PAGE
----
Japan to invest $42 billion in India, Highlights growing bond between the two

Japan’s decision to invest $42 billion in India over the next five years could not have come at a more opportune moment. Japanese Prime Minster, Fumio Kishida, announced his government’s intentions at the 14th India-Japan Annual Summit, held after a gap of three-and-a-half years.

Kishida’s announcement comes at a time when global geopolitics is undergoing a transitional shift. The conflict in Ukraine has divided the global community and disrupted international trade as economic sanctions pursued by the United States and the Western world start to bite. The Chinese economy, in particular, has taken a hard knock, prompting officials to predict economic difficulties on the horizon.

This puts India in a unique position to take advantage of the developing situation. China’s economic slowdown will create new opportunities for India and the infusion of Japanese capital is a welcome boost. Although China has considerable investment overseas, Japan is still a leading contender when it comes to infrastructure in Southeast Asia.

The resurgence of COVID-19 in China has closed most of its industrial hubs, causing investors to seek alternatives. India is the perfect substitute for such companies seeking greener pastures. Several multinational companies already have a significant presence in India and a majority continue to rely on the IT capabilities of the Indian market.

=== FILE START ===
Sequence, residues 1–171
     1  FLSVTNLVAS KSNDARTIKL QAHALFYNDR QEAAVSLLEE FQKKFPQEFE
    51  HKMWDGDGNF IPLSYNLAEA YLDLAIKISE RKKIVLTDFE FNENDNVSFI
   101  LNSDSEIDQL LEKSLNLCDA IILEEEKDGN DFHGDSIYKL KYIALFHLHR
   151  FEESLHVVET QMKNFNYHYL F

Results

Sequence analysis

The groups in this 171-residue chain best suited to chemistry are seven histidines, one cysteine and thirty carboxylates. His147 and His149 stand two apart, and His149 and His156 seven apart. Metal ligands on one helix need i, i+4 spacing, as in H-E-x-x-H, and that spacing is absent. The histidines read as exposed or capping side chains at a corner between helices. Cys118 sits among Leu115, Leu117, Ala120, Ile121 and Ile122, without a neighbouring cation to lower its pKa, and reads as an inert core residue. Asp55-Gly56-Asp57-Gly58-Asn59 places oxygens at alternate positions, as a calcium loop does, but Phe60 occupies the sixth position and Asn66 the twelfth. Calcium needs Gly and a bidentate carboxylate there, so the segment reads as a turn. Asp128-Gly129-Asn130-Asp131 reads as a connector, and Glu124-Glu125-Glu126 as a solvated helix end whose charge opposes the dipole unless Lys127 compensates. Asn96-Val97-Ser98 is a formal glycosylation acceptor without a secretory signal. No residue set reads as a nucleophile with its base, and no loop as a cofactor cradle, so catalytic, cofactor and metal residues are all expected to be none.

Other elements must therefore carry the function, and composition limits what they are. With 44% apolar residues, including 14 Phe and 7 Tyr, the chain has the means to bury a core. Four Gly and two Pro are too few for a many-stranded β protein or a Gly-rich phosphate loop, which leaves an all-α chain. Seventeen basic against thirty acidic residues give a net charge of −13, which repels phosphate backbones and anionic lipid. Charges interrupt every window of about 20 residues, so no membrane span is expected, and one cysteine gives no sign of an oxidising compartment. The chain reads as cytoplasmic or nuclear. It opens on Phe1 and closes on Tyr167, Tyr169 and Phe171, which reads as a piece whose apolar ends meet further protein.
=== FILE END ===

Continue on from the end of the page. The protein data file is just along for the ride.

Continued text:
Japan investment in India

Japan’s decision is a huge positive for India and reinforces its image as profitable market. In fact, Japan is the third largest investor in India, contributing $30.27 billion in cumulative FDI inflow between 2000 and 2019. The former Prime Minister, Shinzo Abe, had announced an investment target of 3.5 trillion yen during his 2014 visit which has already been achieved.

The new target exceeds the previous one and is expected to draw the two countries and take trade relations to the next level. Japanese capital will be utilized for both public and private projects of mutual interest, including connectivity projects, water supply and sewerage, healthcare, horticulture, and biodiversity conservation across India.

The latest investment target highlights the deepening regional cooperation between the two countries in the face of an assertive China. Japan is taking on an increasingly larger role in Southeast Asia and its strategic partnership with India is in the interest of both countries.

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